IFT: Why food will get safer
Pathogens that contaminate food supply and cause food borne illness such as Salmonella and E. coli may soon meet their match as new technological advancements are making food safer at each step in the custody chain from farm to consumer.
According to the CDC, foodborne illness accounts for 3,000 deaths in the U.S. each year. Because of these health risks, the Institute of Food Technologists (IFT) says researchers are pushing for new food safety techniques and setting goals determined to reduce these numbers, according to recent interviews IFT conducted for its FutureFood 2050 publishing initiative.
Some of these new advancements include DNA “fingerprinting” techniques and packaging indicators that IFT says will alert consumers if a product is safe to eat.
"Regulatory agencies and food companies have much better resolution and ability today to track specific strains of organisms than they did a decade ago," says Robert Brackett, director of the Illinois Institute of Technology's Institute for Food Safety and Health. "Whole-genome sequencing [for example] is helping regulatory agencies identify discrete problems much more precisely. Beyond simply showing that there's salmonella in a food sample, we can show that it came from a certain factory in a specific place," he adds.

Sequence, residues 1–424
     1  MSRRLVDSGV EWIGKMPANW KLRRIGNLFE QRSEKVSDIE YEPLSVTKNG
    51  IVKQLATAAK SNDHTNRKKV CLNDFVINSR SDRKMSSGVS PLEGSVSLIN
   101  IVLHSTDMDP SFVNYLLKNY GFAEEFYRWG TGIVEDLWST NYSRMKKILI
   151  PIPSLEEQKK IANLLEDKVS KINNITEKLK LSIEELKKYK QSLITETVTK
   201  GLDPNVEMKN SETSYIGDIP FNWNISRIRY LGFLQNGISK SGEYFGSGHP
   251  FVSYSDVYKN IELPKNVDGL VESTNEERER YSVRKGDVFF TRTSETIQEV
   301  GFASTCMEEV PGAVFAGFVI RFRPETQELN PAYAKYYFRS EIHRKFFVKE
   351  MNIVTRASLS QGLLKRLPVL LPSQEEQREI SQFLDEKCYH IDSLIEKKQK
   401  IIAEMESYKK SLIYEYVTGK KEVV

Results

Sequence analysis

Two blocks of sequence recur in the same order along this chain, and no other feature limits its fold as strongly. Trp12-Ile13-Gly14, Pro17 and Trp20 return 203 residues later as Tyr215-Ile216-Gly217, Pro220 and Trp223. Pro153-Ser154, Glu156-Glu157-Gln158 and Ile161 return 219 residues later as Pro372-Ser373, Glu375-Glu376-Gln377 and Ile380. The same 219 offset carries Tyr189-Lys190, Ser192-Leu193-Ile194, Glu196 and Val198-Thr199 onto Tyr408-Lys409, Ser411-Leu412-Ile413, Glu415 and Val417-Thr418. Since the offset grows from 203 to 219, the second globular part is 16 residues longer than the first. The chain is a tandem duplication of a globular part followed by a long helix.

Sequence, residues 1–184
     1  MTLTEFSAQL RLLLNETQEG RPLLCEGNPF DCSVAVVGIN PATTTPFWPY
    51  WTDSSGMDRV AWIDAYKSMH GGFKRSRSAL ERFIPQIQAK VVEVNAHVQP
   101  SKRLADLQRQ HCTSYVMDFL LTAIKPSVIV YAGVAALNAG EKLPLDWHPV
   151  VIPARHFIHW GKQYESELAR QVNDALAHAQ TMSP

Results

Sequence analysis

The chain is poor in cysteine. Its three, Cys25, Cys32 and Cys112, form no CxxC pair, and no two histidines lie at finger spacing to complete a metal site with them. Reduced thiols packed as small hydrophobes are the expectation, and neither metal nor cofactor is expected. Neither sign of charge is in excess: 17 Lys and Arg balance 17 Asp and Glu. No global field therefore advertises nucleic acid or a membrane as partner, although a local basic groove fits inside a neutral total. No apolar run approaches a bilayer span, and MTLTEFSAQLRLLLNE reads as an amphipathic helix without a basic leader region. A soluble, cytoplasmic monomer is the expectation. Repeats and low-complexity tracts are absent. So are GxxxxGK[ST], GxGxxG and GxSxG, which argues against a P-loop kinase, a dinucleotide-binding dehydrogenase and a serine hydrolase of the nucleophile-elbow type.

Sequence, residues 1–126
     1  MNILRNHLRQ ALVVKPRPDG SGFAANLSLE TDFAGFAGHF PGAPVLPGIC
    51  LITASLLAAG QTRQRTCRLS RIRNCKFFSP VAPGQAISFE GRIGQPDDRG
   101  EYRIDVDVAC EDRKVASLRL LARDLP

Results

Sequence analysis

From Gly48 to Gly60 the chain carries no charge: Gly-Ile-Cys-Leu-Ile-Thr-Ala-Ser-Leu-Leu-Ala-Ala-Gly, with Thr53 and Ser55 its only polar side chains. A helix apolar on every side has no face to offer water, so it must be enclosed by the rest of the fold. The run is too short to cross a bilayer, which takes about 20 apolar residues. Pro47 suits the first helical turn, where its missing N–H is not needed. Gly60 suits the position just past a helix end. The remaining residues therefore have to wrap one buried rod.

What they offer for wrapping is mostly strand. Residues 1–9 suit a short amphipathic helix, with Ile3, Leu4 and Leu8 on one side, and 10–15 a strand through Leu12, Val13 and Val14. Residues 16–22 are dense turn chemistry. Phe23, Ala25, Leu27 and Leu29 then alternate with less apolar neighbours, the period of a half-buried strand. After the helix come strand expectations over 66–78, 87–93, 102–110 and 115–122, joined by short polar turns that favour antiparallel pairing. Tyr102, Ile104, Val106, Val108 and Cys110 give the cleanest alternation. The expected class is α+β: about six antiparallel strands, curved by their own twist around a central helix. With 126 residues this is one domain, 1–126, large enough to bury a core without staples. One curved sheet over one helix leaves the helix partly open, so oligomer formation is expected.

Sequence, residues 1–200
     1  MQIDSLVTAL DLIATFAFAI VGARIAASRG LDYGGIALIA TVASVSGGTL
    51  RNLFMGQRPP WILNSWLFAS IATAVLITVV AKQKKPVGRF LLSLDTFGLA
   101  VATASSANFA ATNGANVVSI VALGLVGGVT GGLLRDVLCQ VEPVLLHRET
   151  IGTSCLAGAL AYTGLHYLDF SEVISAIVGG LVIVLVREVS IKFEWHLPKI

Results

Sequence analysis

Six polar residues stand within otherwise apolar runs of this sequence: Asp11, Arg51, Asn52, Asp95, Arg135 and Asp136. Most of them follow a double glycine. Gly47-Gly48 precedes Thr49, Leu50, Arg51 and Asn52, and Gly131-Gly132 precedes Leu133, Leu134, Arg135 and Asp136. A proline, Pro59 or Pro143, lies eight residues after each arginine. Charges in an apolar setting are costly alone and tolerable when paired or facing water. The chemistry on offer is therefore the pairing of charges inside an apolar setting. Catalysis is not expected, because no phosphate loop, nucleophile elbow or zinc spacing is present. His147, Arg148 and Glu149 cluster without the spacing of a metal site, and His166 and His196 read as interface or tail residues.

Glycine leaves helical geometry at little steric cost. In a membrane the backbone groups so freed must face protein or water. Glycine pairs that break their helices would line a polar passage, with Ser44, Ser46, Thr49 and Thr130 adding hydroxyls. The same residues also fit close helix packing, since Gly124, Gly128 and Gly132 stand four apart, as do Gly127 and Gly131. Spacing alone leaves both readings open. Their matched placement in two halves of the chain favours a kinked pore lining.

IFT spoke with experts in the field of food safety this month as the 12th installment in a series of interviews for FutureFood 2050, a multi-year program that highlights people and stories that are leading the charge for a healthier and safely-fed plant in 2050. The food safety experts interviewed were:
Robert Brackett: Director of the Illinois Institute of Technology's Institute for Food Safety and Health, who predicts that new gene-based tools will help pinpoint foodborne illness outbreaks in record time
Will Daniels: Fresh produce safety expert who says a variety of technology advancements are cleaning up contamination risks from farm to table
Chris Elliott: UK food fraud researcher who's waging a war against criminal threats to the global food supply
Liu Xiumei: Pioneering food safety expert in China, who sees pollution issues as the country's biggest challenge in improving food safety
William Marler: Veteran food safety attorney who believes consolidating regulatory agencies is essential for better oversight
Steve Taylor: Biochemist who co-founded the Food Allergy Research and Resource Program to support cutting-edge research on food allergies
More information on FutureFood 2050 can be found online.